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Re: backup archive format saved to disk

On Wed, Dec 06, 2006 at 01:11:06PM -0600, Mike McCarty wrote:
> Andrew Sackville-West wrote:
> >On Wed, Dec 06, 2006 at 02:52:29PM +0100, Johannes Wiedersich wrote:
> >
> >>Question: how likely is it that both disks develop bad blocks, while
> >>none of them is damaged? I'm no expert on this, but I guess a better
> >>strategy might be to rotate backups on two disks, and use (and check:
> >>fsck and smartctl) them reguarly.
> >
> >
> >
> >if the chance of a disk failure is (say) 1% in the time alloted, then
> >the chance of having a failure with disks is 2%. THe change of any one
> I don't follow this reasoning. Are you presuming independence of the
> failures and identical probabilities? If so, then this is the way to
> compute it:
> Let p be the probability of failure of each disc, independently of the
> other. There are four mutually independent events which comprise the
> space. Both discs may fail [Pr = p^2]. The first disc may fail, while
> the second does not [Pr = p(1-p)]. The second disc may fail, while the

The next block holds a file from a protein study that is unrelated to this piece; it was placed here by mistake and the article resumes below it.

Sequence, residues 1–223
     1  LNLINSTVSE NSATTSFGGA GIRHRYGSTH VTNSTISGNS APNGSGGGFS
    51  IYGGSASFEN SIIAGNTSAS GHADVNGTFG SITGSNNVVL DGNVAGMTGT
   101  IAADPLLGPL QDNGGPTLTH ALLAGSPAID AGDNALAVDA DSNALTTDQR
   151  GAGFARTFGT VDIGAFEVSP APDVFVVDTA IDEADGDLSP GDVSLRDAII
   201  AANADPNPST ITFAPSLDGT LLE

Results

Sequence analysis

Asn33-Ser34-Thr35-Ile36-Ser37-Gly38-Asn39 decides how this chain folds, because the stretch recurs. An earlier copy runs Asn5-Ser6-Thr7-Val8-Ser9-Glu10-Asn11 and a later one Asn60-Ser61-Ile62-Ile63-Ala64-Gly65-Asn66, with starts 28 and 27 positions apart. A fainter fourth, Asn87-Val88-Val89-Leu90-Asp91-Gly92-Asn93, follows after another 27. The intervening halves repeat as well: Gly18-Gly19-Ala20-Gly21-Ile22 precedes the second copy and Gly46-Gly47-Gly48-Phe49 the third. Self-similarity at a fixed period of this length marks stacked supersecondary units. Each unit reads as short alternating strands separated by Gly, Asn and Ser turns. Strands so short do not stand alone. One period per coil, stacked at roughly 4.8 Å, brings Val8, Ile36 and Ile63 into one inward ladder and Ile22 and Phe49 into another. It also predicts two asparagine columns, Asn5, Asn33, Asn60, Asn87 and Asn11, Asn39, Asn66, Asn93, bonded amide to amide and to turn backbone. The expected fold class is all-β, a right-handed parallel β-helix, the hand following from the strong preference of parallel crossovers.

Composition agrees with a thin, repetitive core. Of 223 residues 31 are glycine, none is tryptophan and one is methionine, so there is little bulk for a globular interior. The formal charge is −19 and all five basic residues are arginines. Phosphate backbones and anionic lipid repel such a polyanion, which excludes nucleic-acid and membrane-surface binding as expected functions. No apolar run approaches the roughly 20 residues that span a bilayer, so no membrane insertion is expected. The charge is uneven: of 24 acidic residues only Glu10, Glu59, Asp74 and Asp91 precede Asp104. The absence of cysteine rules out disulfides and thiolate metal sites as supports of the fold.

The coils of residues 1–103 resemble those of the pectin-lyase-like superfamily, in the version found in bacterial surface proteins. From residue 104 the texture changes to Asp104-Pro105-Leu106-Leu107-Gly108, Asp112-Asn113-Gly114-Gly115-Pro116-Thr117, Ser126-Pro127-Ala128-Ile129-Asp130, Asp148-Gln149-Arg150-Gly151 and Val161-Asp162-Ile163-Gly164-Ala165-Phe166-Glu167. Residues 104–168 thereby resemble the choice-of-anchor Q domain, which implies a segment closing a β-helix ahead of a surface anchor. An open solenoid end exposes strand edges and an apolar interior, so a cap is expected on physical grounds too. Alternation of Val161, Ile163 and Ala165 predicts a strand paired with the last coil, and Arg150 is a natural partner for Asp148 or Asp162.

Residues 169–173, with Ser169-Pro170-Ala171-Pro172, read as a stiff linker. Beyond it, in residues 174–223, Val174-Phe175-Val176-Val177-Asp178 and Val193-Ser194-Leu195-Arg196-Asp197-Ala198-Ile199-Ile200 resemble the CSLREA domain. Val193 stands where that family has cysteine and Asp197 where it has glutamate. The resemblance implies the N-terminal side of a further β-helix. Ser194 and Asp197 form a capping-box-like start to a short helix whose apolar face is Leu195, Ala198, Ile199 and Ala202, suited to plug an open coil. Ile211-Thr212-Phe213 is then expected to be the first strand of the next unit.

> first does not [Pr = (1-p)p]. Both discs may survive [Pr = (1-p)(1-p)].
> So, the probability that at least one disc fails is 1-(1-p)(1-p).
> For p = 0.01, that is 0.0199.

you aren't using an old pentium are you? ;-)

> I'll grant you this is not markedly different from 2%, but it is also
> not simply 2p.

huh. been a long time since math class for me. I was under the
impression that the probability was 2p. chance of one failing is added
to the chance of the other failing give the chance of both
failing. But I'll take your word for it :)

> >particular disk failing is still 1%, it the odds of A failure in the
> >system as a whole that goes up. So with more disks you're more likely
> >to have failures of some kind, but the per disk failure stays the same
> >and the odds of losing ALL of them goes the other way. The odds of
> >losing BOTH disks is .1%. the question becomes, which one has
> >failed...             ^^ 

> I don't follow this reasoning. The probability of both discs failing
> (if they do so independently) is not 0.1%, but rather 0.01%. A partially
> failed disc is usually easy to detect, since they have FEC on them. A
> completely failed disc is even easier to detect :-)

yeah, that was me shuffling decimals before coffee. I was doing p^2
(.01*.01=.0001 and turning that into .1%). I should know better than
to think that early in the morning.


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